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Brian Westenhaus

Brian Westenhaus

Brian is the editor of the popular energy technology site New Energy and Fuel. The site’s mission is to inform, stimulate, amuse and abuse the…

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Turning Fruit Trees into Biofuel

Turning Fruit Trees into Biofuel

Fast growing trees, especially the poplars are being studied as they produce a large body of biomass per area.  Poplars and willows are leading candidates as biofuel crops that are expected to produce cellulosic ethanol and higher energy content fuels when the sugars can be efficiently extracted.

We non-tree experts are going to be surprised that peaches, apples, strawberries, cherries, and almonds, and many other plants including the beautiful and romantic rose are part of the rosid superfamily.  That means they share a large part of their genetic codes.

Scientists have turned to our long-domesticated fruit trees for the clues in researching the physiology and genetics of the rosid superfamily of trees.

Jeremy Schmutz, head of the Plant Program at the U.S. Department of Energy Joint Genome Institute (DOE JGI) said, “The close relationship between peach and poplar trees is evident from their DNA sequence.”

Related article: Ethanol Mandate: Jumping the Gun in a Big Way

For the March 24th edition of Nature Genetics, Schmutz and several colleagues who are part of the International Peach Genome Initiative (IPGI) published the 265-million base genome of the Lovell variety of Prunus persica.

Lovell peach tree
This Lovell peach tree at Clemson University provided the DNA used to determine the peach genome. Image Credit: Clemson University.

The paper authors said, “Using comparative genomics approaches, characterization of the peach sequence can be exploited not only for the improvement and sustainability of peach and other important tree species, but also to enhance our understanding of the basic biology of trees.”

The team compared 141 peach gene families to those of six other fully sequenced diverse plant species to unravel unique metabolic pathways.  They have learned for instance, what metabolic pathways lead to lignin biosynthesis – the molecular “glue” that holds the plant cells together – and is a key barrier to deconstructing biomass into fuels.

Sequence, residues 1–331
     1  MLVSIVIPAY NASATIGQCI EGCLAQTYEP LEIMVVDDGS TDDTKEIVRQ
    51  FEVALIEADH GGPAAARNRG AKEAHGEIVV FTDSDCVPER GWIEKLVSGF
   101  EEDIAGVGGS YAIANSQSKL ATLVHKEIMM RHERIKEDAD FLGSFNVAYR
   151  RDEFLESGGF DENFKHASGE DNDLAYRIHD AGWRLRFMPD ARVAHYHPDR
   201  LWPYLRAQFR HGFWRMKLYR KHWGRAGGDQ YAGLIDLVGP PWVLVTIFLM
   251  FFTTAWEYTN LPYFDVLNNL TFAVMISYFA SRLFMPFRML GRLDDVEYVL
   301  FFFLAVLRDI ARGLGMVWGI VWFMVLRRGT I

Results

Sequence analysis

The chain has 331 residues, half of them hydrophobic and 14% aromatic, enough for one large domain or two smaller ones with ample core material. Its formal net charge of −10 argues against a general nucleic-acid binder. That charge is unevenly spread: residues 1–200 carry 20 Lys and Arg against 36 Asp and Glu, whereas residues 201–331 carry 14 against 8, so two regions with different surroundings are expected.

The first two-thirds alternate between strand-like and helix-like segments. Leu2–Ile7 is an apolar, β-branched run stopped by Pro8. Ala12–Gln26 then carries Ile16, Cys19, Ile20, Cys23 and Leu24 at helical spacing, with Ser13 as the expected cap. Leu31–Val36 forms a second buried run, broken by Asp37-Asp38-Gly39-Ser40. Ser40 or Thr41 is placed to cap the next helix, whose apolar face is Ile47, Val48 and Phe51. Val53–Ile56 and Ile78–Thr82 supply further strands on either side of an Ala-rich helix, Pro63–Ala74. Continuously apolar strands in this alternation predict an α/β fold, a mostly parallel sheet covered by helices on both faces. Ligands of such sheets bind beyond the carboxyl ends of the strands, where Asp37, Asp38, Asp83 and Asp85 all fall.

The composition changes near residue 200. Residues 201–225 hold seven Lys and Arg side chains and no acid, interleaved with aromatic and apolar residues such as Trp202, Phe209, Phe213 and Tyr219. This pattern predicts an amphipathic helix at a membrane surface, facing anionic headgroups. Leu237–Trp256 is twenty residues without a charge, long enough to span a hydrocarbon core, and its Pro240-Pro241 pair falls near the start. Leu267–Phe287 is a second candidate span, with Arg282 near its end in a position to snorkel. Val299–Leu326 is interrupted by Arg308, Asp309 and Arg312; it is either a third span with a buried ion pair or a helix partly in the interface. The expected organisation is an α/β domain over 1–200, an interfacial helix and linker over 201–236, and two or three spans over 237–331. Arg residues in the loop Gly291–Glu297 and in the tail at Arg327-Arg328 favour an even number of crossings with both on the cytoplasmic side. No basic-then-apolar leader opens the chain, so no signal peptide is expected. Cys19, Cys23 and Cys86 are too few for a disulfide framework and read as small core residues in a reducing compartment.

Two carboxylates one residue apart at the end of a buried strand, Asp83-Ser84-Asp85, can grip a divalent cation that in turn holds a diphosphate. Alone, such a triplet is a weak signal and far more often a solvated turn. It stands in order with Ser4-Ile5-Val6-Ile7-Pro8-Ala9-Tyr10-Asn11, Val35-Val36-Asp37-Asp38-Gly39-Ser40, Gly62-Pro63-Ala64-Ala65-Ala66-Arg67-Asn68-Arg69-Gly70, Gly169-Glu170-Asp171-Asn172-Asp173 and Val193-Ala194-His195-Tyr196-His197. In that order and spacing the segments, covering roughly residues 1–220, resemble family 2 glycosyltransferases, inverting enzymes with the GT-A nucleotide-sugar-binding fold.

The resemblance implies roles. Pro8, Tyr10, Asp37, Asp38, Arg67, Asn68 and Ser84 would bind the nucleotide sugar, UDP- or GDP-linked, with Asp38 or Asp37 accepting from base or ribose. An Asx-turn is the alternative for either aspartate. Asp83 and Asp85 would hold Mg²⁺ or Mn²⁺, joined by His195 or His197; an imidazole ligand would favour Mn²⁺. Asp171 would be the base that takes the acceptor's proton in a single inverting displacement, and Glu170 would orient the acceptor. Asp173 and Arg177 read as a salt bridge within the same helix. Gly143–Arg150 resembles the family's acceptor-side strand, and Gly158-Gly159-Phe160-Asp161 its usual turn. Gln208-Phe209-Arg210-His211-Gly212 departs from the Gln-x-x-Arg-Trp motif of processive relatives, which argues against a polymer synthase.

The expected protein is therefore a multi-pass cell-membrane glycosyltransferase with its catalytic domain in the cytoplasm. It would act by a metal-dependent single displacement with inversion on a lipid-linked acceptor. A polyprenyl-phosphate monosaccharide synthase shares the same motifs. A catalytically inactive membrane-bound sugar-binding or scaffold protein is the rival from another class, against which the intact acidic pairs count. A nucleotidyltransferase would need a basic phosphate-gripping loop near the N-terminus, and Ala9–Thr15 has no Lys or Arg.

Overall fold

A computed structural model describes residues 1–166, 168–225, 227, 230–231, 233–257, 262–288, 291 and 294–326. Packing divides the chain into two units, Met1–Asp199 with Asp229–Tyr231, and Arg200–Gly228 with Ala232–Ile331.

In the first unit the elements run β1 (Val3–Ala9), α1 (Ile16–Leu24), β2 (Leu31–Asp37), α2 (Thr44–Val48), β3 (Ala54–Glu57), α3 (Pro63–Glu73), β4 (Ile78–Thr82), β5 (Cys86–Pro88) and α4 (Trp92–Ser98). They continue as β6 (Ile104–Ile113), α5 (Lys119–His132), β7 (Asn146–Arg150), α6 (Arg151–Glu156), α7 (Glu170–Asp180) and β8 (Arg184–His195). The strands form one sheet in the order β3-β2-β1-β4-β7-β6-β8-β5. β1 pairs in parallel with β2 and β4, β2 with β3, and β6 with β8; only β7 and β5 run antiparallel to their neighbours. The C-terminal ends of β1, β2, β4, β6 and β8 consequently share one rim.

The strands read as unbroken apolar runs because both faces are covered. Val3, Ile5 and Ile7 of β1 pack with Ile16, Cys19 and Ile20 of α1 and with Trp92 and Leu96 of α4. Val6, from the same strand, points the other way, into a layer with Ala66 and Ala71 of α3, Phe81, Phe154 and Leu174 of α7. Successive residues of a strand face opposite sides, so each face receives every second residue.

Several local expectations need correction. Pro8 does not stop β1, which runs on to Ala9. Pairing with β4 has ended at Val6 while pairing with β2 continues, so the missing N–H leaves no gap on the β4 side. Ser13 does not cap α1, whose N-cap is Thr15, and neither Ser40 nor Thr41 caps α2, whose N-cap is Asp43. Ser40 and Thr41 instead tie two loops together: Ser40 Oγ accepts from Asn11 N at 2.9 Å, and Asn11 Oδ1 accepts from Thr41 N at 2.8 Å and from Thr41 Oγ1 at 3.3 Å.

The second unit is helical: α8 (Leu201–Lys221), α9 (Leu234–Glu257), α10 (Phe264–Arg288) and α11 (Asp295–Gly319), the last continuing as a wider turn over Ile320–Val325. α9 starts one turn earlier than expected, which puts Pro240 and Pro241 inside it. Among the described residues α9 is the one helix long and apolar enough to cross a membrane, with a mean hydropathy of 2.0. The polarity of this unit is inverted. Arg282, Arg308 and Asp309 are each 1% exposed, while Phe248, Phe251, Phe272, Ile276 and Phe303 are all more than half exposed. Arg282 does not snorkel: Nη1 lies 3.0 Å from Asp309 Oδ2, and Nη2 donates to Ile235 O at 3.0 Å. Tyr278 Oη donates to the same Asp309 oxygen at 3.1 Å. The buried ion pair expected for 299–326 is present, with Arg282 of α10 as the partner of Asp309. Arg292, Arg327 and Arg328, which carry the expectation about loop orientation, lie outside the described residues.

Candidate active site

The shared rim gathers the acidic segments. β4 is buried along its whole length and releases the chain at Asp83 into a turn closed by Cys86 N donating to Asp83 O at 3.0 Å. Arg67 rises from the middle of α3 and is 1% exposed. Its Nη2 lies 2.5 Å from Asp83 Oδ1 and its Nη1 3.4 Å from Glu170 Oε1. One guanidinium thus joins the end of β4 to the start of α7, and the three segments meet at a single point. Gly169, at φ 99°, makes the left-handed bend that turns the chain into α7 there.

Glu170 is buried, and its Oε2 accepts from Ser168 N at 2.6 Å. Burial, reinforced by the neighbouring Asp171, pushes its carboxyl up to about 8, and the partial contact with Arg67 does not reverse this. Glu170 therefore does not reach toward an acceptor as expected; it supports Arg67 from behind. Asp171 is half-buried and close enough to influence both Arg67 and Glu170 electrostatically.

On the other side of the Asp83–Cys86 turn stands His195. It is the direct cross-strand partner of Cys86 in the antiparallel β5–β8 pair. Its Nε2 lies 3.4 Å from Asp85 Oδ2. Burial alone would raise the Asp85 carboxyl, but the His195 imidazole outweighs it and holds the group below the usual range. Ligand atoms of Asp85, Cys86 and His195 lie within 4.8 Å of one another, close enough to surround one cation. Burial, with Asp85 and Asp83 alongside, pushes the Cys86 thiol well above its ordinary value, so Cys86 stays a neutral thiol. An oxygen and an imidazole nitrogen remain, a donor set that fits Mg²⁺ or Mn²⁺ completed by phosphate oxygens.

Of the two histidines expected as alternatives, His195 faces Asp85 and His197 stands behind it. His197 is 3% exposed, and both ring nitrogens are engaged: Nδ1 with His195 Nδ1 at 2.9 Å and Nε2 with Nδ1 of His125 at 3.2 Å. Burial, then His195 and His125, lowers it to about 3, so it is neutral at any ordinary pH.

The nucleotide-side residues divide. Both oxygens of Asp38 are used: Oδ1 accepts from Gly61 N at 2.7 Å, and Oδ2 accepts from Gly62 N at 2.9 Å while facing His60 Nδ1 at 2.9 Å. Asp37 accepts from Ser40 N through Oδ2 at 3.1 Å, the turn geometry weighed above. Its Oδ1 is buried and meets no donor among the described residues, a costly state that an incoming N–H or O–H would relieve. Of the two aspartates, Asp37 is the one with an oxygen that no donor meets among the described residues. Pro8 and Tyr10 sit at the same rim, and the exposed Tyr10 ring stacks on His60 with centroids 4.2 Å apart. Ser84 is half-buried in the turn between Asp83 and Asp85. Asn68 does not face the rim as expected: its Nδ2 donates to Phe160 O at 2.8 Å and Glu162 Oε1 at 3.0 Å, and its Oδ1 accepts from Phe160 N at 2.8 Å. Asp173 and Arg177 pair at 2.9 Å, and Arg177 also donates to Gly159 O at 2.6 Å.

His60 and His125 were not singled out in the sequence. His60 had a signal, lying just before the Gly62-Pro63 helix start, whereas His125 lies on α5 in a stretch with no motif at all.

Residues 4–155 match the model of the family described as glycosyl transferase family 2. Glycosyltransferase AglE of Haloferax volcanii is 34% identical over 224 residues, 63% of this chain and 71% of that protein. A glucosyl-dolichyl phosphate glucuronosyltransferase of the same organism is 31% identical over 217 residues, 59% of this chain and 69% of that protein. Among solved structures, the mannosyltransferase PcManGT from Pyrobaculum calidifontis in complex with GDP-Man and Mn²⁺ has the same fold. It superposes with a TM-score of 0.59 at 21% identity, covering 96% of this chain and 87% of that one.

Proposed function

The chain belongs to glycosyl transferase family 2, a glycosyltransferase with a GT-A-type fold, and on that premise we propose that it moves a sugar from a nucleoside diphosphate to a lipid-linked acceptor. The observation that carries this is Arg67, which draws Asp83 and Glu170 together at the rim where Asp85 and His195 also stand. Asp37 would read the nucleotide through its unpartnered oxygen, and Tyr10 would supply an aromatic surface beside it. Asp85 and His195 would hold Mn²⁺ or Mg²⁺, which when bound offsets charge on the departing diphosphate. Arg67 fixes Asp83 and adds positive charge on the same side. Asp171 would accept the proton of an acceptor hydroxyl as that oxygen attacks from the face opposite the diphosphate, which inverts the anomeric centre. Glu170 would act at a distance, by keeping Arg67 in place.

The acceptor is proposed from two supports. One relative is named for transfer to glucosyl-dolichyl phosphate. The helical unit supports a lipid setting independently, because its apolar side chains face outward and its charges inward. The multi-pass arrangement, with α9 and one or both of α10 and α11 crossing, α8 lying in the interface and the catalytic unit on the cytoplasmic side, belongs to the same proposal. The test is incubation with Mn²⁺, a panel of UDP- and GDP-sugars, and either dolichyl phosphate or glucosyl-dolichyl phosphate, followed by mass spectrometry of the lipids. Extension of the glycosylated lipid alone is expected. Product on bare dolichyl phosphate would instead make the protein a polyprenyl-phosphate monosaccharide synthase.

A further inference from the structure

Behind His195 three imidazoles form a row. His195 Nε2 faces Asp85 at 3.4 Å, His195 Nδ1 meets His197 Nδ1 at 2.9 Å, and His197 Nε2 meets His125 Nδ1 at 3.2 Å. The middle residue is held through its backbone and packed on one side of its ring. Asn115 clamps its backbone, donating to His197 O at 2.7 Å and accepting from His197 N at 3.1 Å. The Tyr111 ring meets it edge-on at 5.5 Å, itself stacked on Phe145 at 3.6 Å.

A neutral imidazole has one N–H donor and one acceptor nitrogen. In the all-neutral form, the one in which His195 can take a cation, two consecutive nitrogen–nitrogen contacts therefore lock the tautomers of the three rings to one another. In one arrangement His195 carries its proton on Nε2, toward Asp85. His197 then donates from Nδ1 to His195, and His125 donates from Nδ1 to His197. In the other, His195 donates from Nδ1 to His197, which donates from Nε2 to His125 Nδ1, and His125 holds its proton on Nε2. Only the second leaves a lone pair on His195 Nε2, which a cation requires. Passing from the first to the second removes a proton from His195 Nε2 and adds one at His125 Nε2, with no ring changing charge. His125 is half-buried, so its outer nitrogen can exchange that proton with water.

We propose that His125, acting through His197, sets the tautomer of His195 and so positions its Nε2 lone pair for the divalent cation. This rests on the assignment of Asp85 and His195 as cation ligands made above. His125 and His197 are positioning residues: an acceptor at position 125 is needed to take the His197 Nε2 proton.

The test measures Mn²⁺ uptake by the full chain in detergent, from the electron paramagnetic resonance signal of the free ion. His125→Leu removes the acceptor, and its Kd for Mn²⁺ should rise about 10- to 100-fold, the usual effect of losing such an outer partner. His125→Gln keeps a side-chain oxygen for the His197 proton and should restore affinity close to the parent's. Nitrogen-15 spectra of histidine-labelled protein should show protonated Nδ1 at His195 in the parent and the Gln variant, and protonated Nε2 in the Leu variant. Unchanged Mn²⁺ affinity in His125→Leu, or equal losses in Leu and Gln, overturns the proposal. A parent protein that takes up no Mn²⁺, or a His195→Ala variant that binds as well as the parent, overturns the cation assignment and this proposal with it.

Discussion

For bioenergy researchers, the size of the peach genome makes it ideal to serve as a plant model for studying genes found in related genomes, such as the poplar, and develop methods for improving plant biomass yield for biofuels.

Daniel Rokhsar, DOE JGI Eukaryotic Program head under whose leadership sequencing of the peach genome began back in 2007 takes us deeper into understanding with, “One gene we’re interested in is the so-called “evergreen” locus in peaches, which extends the growing season. In theory, it could be manipulated in poplar to increase the accumulation of biomass.”

It may not take long; the poplar is one of the DOE JGI’s Plant Flagship Genomes, making progress with poplar a first order of business.

Related article: Cooking Oil Gets KLM Across the Atlantic

It has seemed to be slow going.  This paper’s publication comes three years after the International Peach Genome Consortium publicly released the draft assembly of the annotated peach genome on the DOE JGI Plant portal Phytozome.net and on other websites. The decision to sequence the peach genome was first announced during the 2007 Plant and Animal Genome XI Conference.

However the project goes, the long list of rosid superfamily plants is getting a huge boost of genetic information in making more productive the much loved and very important to our health tree fruits. Whether it’s for fuel for our tools or fuel for our bodies the rosid superfamly is at the start of an improvement in productivity.

Its worth mentioning that backing came from the U.S. Department of Energy Office of Science and led by researchers at the DOE JGI, The HudsonAlpha Institute for Biotechnology, Clemson University, North Carolina State University, and Washington State University.  That’s peach and apple country.

Additional support was contributed by U.S. Department of Agriculture and by the Energy Biosciences Institute, of the University of California, Berkeley, who supported senior author Therese Mitros. The Italian government also supported this international effort, including the work of first author Ignazio Verde of the Fruit Tree Research Centre/Agricultural Research Council in Rome, Italy.

The scope of participants includes contributions also made from research institutes in Chile, Spain, and France.  It’s definitely been an international effort.

Whatever the future holds, the genome release is going to have a powerful impact on producing important fruit foods and for fuel production.  Its welcome news and a pleasure to see such a widespread participation and hopefully an even further spread out benefit to people.

By. Brian Westenhaus

Original source: Fruit Trees For Fuel




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